Date: 06 August 2009
One of the kiwi re-introduced by the community into the Rimutaka Forest Park has been killed by a dog, highlighting the importance of keeping dogs on a lead in the park.
The death of Fern – the first kiwi to die from predation in the park - has distressed members of the Rimutaka Forest Park Trust (RFPT), which reintroduced kiwi to the park with support from the Department of Conservation (DOC). An autopsy has confirmed the likely culprit was a dog.
“We’re gutted” said trust spokeperson Melody McLaughlin.
“If that dog had been kept on a lead the kiwi would still be alive. It’s simple really.”
DOC Poneke Area biodiversity programme manager Peter Simpson reinforced her comments, noting that it only takes seconds for a dog to crush a kiwi.
Fern with trust member Melody
McLaughlin and Fernlea School pupils
“Most owners would never expect their dog to be capable of such a thing. But the sad truth is that the scent of kiwi make them irresistible to dogs, and kiwi are incredibly fragile.”
As well as keeping dogs on leads, Mr Simpson said it was important for people to know where their dog is at all times and keep them inside or tied up at night.
There are plenty of places within the Forest Park that do not have kiwi, including a special dog exercise area in the Catchpool valley, so the Trust and DOC ask people to respect the no dog area set aside for kiwi and to abide by the rules for it. They should also be mindful of the legal consequences of killing our national icon and other protected wildlife. A person convicted of such an offence under the provisions of the Wildlife (Penalties and Related Matters) Amendment Act 2000, could face up to six months in prison or be fined up to $100,000.
Fern as he was found by members of
the Rimutaka Forest Park Trust
Fern, a two-year-old male kiwi named by Fernlea School in Wainuiomata, was released into the park in May after being hatched and raised at Rainbow Springs as part of the BNZ Operation Nest Egg™ programme.
‘He was a beautiful and healthy bird, weighing around1.7kg” said Ms McLaughlin. “We are working towards having a self-sustaining population of kiwi in the park and he will be a real loss to the breeding stock.”
Kiwi were first re-introduced by the trust into the Rimutaka Forest in 2006 and nearly 30 adult kiwi now roam its forested slopes.
“Following Fern’s death we have double checked to ensure that the remaining kiwi are alive and well,” Ms McLaughlin said.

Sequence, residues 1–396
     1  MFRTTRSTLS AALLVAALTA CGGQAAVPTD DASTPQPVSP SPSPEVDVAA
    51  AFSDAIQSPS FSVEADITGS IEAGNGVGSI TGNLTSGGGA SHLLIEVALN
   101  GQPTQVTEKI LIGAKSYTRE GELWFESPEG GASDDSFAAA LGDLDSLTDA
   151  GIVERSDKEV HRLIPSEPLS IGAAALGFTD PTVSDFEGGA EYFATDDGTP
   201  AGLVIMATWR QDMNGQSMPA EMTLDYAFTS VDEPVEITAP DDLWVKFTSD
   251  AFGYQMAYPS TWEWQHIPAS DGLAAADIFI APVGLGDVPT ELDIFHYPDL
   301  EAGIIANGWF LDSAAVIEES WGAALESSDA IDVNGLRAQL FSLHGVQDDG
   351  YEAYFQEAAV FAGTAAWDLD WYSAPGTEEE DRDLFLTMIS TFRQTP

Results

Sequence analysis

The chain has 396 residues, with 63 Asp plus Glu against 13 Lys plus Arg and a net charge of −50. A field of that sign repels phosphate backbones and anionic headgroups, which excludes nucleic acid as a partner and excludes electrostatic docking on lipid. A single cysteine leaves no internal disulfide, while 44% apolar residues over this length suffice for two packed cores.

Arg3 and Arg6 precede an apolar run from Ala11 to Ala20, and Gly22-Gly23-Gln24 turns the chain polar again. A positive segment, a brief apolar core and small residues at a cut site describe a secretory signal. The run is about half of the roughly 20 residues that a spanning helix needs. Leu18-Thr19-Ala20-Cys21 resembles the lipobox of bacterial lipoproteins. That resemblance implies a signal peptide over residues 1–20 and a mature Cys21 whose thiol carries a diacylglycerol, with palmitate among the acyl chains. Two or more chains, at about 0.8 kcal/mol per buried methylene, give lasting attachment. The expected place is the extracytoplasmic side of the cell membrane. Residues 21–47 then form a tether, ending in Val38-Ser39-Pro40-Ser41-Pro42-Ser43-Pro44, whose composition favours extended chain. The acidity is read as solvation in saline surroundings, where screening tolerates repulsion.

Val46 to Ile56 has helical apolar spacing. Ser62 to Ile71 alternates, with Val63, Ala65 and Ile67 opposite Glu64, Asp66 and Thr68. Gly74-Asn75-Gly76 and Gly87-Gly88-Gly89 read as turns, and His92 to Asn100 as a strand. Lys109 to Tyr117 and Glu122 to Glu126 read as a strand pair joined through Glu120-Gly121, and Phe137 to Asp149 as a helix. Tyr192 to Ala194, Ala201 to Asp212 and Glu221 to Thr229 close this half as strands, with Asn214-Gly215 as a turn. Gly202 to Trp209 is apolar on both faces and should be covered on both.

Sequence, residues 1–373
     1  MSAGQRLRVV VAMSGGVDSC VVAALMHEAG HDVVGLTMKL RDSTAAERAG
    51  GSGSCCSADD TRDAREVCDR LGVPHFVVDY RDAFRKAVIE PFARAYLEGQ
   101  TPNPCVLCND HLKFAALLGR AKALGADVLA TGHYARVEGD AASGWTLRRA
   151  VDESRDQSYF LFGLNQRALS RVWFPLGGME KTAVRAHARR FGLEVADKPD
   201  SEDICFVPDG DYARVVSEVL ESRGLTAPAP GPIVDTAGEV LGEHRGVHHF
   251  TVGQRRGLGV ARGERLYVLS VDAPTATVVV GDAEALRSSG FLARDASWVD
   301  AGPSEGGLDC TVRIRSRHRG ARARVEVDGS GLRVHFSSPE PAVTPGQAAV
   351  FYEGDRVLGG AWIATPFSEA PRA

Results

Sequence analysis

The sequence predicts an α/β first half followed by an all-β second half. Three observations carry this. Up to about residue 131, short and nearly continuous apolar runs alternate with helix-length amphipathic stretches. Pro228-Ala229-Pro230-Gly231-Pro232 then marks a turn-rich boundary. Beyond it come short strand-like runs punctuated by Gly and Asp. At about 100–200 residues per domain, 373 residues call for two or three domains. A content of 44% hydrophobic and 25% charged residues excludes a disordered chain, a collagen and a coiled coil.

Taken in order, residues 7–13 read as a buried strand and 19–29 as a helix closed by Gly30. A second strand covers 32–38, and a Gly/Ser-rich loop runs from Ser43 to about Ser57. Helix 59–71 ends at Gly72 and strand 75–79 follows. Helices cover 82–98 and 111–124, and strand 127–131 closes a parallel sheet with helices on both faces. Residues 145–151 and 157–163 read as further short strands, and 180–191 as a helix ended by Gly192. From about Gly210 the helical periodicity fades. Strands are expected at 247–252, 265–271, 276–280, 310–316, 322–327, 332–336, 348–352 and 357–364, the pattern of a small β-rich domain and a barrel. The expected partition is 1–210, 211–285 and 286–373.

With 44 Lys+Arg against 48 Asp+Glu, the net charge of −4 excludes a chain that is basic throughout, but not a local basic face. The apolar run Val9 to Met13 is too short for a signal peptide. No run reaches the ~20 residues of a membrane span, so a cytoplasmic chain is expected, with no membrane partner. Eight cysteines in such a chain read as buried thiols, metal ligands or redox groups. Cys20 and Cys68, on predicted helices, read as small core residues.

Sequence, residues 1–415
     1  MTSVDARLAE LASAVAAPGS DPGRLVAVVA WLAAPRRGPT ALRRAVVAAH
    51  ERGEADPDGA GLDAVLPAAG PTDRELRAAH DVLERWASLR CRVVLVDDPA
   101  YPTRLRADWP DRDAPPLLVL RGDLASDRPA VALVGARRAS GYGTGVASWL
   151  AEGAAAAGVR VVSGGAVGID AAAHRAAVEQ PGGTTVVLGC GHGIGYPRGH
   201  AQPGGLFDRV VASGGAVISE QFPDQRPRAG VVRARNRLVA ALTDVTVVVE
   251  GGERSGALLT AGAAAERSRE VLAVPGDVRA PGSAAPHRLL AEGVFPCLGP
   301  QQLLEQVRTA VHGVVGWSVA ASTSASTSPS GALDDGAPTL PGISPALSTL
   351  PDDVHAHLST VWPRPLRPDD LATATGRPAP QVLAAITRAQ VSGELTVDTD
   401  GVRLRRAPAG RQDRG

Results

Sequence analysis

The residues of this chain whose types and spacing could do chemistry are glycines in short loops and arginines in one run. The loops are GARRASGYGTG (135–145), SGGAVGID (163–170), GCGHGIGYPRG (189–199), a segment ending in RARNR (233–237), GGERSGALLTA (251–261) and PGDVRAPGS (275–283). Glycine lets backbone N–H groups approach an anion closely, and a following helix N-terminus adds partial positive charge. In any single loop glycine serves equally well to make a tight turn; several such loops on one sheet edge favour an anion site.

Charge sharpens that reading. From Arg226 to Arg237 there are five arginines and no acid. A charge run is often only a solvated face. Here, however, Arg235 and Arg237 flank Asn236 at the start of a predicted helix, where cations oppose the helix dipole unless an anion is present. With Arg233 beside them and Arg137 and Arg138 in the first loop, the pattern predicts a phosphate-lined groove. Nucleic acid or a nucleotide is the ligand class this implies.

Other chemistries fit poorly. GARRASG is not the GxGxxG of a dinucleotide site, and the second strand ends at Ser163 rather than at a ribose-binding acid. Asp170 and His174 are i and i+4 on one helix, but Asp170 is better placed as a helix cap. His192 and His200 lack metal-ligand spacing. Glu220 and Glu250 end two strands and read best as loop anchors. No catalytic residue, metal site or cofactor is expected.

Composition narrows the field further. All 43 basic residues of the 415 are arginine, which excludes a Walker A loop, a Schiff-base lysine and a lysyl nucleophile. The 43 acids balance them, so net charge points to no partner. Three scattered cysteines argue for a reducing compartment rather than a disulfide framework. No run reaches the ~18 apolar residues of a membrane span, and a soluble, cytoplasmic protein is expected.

“The only way to ensure this doesn’t happen again is for people to understand that hunting is a natural behaviour for a dog. The responsibility lies with humans to keep dogs on leads in the park. ”
As part of its commitment to kiwi in the park, the trust runs twice yearly kiwi aversion training for pet and hunting dogs, which teaches them to avoid chasing or attacking kiwi in the wild. The Trust also runs an extensive predator trapping programme and regularly monitors the kiwi population. For more information about future Kiwi Avoidance Training plans or to volunteer as a trapper contact Melody on +64 4 564 6213 or 027 452 4982.
BNZ Save the Kiwi Trust
BNZ Save the Kiwi Trust was established in November 2002 by Bank of New Zealand and the Department of Conservation, building on a sponsorship relationship that started in 1991. BNZ Save the Kiwi Trust is responsible for public awareness and education, fundraising, sponsorship and grant allocations for kiwi recovery nationally. In 2008 alone, more than $1 million was allocated to community and DOC kiwi projects. This money came from Bank of New Zealand, its staff, customers and supporters of BNZ Save the Kiwi Trust.
BNZ Operation Nest Egg™ is a powerful tool to reverse the decline of key kiwi populations. Eggs and chicks are harvested from nests to save them from stoats and cats. The young kiwi are returned to the wild when they weight about 1kg, big enough to fight off these predators. More than 1000 kiwi chicks have been returned to the wild since the programme began in 1994, with captive facilities and hundreds of field workers from DOC and community groups throughout the country contributing to its success. The BNZ Operation Nest Egg™ egg harvesting>chick rearing>return to the wild technique was developed for kiwi through research funded solely by Bank of New Zealand and is now also used in other species recovery programmes.
DOC spokesperson: Peter Simpson. Ph: +64 4 470 8413 or 027 4748220
RFPT spokesperson: Melody McLaughlin; Ph: +64 4 564 6213 or 027 452 4982.
DOC national kiwi information: Avi Holzapfel: Ph: +64 7 858 0019
Bank of New Zealand Save the Kiwi Trust: Michelle Impey. Ph: +64 9 375 1084 or 029 478 4610